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Legislative Assembly for the ACT: 2010 Week 10 Hansard (Thursday, 23 September 2010) . . Page.. 4485 ..


But the important point is that different people do put different value on water and want to use it for different things. Now, of course, theory dictates that one way to find out how much people value water is to price it and to see what they are prepared to pay—to essentially operate a free market around water. When it is less available, it will become more expensive; when it is freely available, of course, the price will drop. That is the classic market model. I know that, when the restrictions were lifted earlier this month, there were some who said that water restrictions should be completely removed. Maybe we should move to a system where water is priced in a way that reflects its scarcity.

The Greens do not support this approach as, clearly, access to safe potable water is a human right and, as with energy prices, we do not want to disadvantage those in our community who can at least afford to pay higher prices. That said, there is also little evidence that setting a market price for water will actually change behaviours in the same way that water restrictions do. Stage 3 restrictions are designed to achieve 35 per cent efficiency savings. What price would we need to see water rise to in order to achieve those kinds of savings?

However, there may be some value in reviewing the water pricing regime. The current threshold for triggering a higher price per unit of water is 200 kilolitres per year. That is around 550 litres per day per household. Given the changes that Canberrans have made to their consumption patterns over recent years, it would be valuable to see how often that threshold is triggered. Many families would not come close to consuming that amount of water, so the current pricing strategy may not be sending any kind of signal about valuing water at all.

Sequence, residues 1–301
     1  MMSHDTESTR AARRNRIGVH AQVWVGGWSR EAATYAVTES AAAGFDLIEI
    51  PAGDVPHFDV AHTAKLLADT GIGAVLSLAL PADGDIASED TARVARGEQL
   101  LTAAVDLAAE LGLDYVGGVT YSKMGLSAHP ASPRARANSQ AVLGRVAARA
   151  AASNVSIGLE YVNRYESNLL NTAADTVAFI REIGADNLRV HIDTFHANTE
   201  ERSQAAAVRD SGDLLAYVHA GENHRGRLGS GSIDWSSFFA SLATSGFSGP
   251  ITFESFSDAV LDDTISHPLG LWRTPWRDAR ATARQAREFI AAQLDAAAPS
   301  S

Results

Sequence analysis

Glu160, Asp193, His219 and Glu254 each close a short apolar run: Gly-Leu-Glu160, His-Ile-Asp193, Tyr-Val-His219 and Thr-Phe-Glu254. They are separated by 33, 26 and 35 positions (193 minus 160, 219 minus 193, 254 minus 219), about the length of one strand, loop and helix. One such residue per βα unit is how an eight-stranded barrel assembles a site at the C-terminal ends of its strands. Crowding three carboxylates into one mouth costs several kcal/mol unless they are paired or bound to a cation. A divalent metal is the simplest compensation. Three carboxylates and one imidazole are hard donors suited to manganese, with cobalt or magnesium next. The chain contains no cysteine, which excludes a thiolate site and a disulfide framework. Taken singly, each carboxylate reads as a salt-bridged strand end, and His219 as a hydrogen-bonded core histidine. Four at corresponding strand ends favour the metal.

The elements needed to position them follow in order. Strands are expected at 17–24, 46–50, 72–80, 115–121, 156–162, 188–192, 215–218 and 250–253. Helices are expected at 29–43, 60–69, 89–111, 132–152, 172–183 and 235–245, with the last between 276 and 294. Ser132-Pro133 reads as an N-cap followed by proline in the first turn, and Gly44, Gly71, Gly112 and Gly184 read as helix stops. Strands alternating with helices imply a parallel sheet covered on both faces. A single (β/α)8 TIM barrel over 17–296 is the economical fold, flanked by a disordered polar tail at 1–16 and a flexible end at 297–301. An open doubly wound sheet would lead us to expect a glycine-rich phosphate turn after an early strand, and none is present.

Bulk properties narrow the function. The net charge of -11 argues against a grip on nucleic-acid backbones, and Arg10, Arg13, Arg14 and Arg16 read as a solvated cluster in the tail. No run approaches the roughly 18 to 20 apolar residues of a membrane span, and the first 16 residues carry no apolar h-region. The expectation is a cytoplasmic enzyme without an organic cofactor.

I touched earlier on the cost-effectiveness of efficiency measures. I think as well as establishing permanent water restrictions, as Ms Hunter touched on, there is a range of measures that we do want to put in place, because in the long term, as this city continues to grow, there is a limit to how much water we can capture and, therefore, make available. In the context of future projections of water supply and rainfall, we are going to need to be constantly conscious of our water consumption. There is a range of measures. Integration of best practice water sensitive urban design in new developments is one measure, and we have great opportunities in areas such as East Lake and Molonglo, as well as the new suburbs in Gungahlin.

The Greens believe it is not okay just to build new developments without taking this into account. Increasing the number of houses and people will continue to put pressure on our water supply, as I touched on. There are many and varied technologies available that mean new areas can be highly efficient. The houses we build today will continue to consume water over the next 40 or 50 years—well into the period when projections tell us that water security will be an issue for the ACT.

Now I know that ACTPLA’s water sensitive urban design has been implemented into the territory plan, and that is certainly a step forward in terms of funding and planning, but there are new developments in other places that are being far more innovative in their grey water management. They are being far more innovative in saying, “We are going to go beyond current norms and we are really going to stretch ourselves,


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